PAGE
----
Vista 8: a tale of two spires

grey

The uniform brutalist offices in Bristol’s historic city centre contrast with the soaring spire of the medieval St John’s. Is this more crass than the view of the soaring spire of London’s Shard viewed through the pinnacles of Southwark Cathedral? Or is the latter more aesthetically pleasing? Bad neighbours or good neighbours?

Shard spire

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4 thoughts on “Vista 8: a tale of two spires

  1. George Kelly (psychologist and educator) says that you need contrasts in order to understand the world. Anything by itself is meaningless without something to compare it to. So the architectural contexts make your spires easier to notice. Which is not to defend hideous modern architecture!

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    • Aesthetics are a funny thing: I like the Shard and, even allowing for the difference in scale, love the back referencing to medieval pinnacles and spires. Whereas the 60s offices in Bristol, while in scale, are unsympathetic in terms of materials and sheer blandness.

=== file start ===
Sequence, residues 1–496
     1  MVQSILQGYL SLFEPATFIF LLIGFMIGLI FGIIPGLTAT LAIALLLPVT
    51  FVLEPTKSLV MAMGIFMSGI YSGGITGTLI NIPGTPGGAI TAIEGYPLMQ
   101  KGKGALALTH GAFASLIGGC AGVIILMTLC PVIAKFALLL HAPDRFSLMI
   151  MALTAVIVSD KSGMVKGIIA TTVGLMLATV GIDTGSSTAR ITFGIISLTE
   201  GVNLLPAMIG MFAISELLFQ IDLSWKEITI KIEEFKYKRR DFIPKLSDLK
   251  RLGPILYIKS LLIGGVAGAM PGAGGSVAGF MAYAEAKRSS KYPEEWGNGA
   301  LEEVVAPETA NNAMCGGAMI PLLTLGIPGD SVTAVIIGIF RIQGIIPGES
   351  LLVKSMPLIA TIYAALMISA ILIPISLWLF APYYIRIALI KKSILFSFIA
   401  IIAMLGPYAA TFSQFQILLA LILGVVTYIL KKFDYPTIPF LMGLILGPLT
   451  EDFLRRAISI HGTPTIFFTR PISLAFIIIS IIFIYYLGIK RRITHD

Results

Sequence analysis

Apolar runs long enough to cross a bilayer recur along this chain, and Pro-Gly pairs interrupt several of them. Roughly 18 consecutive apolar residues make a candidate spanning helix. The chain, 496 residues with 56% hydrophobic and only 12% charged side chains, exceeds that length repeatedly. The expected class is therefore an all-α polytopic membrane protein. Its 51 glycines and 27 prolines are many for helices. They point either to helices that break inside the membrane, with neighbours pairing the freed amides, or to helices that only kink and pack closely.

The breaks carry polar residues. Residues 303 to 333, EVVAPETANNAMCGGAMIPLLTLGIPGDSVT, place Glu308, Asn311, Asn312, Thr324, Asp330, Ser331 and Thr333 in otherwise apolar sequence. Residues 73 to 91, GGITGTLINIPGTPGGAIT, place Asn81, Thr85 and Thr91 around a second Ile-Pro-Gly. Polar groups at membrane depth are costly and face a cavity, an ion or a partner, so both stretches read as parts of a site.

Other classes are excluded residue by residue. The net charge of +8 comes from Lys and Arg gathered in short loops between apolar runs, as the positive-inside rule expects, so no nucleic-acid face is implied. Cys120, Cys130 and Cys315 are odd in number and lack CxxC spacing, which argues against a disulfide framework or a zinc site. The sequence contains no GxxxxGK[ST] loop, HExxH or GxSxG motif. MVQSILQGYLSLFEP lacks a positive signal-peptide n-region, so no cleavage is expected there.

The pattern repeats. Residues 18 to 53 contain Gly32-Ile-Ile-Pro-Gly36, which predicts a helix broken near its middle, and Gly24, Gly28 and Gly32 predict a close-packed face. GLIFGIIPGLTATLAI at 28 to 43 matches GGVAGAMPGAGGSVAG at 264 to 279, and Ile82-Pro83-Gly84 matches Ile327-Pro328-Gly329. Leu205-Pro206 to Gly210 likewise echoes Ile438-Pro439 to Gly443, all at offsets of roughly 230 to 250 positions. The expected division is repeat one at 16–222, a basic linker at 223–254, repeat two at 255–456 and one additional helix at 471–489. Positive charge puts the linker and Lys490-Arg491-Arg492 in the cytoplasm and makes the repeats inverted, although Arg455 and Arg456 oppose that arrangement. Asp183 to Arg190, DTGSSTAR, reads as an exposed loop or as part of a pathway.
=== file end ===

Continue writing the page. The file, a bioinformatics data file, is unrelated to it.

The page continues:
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  2. As a fan of both modern and traditional architecture, I love these photographs. While I agree that good architecture is sympathetic to its surroundings, being too sympathetic can lead to pastiche (Prince Charles’ village for example) that becomes almost a mockery of the original, especially in cities where you will always have a clash of old and new.

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    • Totally agree, Dylan. If you’re going to add to the built environment you need that subtle interplay between politeness and innovation called taste. Love it or loathe it, the Shard has an artistic integrity that the Bristol development lacks completely — though I sneakily published the Bristol photo in monochrome the buildings really are that colour: grey!

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